rpicompsci

Research Blog for Department of Computer Science @ Rensselaer Polytechnic Institute

Finding prominent people in large scale social networks

Xiaohui Lu, Graduate Student at Rensselaer Polytechnic Institute, Department of Computer Science


My name is Xiaohui Lu. I am Phd student in computer science working with Prof. Sibel Adali. My main area of research is ranking actors in social networks. I also work closely with researchers from Social Cognitive Network Academic Research Center. I have finished my BS in computer science from SUNY at Albany in 2008, and MS in computer science from Rensselaer Polytechnic Institute in 2011.

Who are prominent people in a social network? Prominent people are viewed as important by the others in the network. What that means really depends on the underlying network. For example, girls with popular fashion tastes on youtube are targeted by many advertisers for their potential influence over others’ fashion choices; a charismatic person on twitter or facebook can easily organize a campaign for a specific cause; In academic networks, prominent people create research areas that are recognized as important by their peers. However, it is not trivial to identify these “prominent” people even in small social networks – terrorism networks are good examples where “important” actors usually disguise themselves carefully. In other networks, it is important to understand how the prominence manifests itself in the network activities.

We develop a method to identify prominent people in a large scale social collaborative networks. In these networks, people collaborate with each other to create objects like academic papers or movies. Our method works on the following assumption:

  1. Important people create important objects. Not all objects of a prominent person are important. But, their best creations are generally more important than other objects in the network. Objects are generally created by collaboration with other members.
  2. Good objects belong to pools that bring together related objects with similar importance. Not everyone can participate in these pools though. For example, conferences have a selection criteria for papers.

We find these pools by using machine learning algorithms that group objects that are more similar to each other than other objects into clusters. Our algorithm then works by propagating the prominence of people, their objects and the object groups in an iterative manner until it converges.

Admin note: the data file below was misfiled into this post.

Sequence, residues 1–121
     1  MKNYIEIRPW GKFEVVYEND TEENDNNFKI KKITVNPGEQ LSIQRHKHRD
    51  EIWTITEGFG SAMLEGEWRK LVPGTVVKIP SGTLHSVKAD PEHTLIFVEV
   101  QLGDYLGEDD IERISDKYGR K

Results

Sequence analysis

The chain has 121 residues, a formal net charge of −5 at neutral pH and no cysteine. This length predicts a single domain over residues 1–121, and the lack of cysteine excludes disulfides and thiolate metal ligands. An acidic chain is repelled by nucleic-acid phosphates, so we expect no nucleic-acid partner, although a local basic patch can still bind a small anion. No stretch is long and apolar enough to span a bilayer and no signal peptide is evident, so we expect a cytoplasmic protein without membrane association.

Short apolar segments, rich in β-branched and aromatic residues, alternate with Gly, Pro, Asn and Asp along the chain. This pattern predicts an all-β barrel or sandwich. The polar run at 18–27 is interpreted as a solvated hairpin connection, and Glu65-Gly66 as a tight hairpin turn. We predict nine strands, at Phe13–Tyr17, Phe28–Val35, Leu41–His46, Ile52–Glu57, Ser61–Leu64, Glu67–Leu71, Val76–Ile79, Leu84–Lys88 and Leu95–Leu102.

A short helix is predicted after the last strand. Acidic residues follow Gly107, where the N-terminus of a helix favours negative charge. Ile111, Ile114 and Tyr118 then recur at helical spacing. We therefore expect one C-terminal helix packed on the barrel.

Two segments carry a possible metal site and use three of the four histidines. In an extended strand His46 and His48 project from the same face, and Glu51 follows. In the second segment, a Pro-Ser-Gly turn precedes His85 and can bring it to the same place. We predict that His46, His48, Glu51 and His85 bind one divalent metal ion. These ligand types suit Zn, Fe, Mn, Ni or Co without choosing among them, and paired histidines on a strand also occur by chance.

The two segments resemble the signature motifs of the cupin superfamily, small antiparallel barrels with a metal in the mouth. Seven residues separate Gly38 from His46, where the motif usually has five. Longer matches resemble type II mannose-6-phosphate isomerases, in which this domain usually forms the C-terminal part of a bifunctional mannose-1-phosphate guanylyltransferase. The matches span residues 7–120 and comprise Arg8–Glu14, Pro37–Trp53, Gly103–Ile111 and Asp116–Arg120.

We test our method in a large scale data set — the DBLP data set. The DBLP data set is a collection of authors, papers, and conferences information in computer science area. In the data set, a paper reflects strong collaboration among its authors.

We show our method is  superior to various ranking methods, such as Degree, PageRank, and HITS. Moreover, we observe that the grouping of objects provides valuable information to identify prominent actors. In a way, it reduces the noise inherent in such data. But, interestingly, our method works better if we disregard the natural groupings of objects like conferences and journals, and substitute our groupings instead. The figure on the left shows the distribution of scores for the DBLP dataset. As the DBLP collection of publications was originally started by researchers from the database community, this area appears to be central in the underlying data set. We show a number of research areas represented by this dataset.

To validate our algorithm, we use a number of external measures of prominence based on citation, h-index, the number of citations of top 10 papers for each author, etc. We look at the top scoring individuals of our algorithm as well as the ordering of all the individuals returned by our algorithm and compare it with the true ordering with respect to a given measure of prominence using Kendall-tau rank correlation. Our algorithm shows better performance over all other algorithms across all the different measures of performance we study. The code for this algorithm can be found here.

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This entry was posted on August 13, 2012 by in Machine Learning, Social Networking.
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